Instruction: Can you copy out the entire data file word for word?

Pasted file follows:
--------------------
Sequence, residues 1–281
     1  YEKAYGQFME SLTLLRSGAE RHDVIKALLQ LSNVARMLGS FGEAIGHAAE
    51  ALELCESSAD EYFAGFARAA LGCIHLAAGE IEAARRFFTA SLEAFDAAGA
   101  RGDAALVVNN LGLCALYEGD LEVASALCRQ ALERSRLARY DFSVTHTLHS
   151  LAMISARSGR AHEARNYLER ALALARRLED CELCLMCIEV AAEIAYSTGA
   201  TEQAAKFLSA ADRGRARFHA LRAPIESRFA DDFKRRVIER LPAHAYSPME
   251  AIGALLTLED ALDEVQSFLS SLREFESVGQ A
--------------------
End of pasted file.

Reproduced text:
Sequence, residues 1–281
     1  YEKAYGQFME SLTLLRSGAE RHDVIKALLQ LSNVARMLGS FGEAIGHAAE
    51  ALELCESSAD EYFAGFARAA LGCIHLAAGE IEAARRFFTA SLEAFDAAGA
   101  RGDAALVVNN LGLCALYEGD LEVASALCRQ ALERSRLARY DFSVTHTLHS
   151  LAMISARSGR AHEARNYLER ALALARRLED CELCLMCIEV AAEIAYSTGA
   201  TEQAAKFLSA ADRGRARFHA LRAPIESRFA DDFKRRVIER LPAHAYSPME
   251  AIGALLTLED ALDEVQSFLS SLREFESVGQ A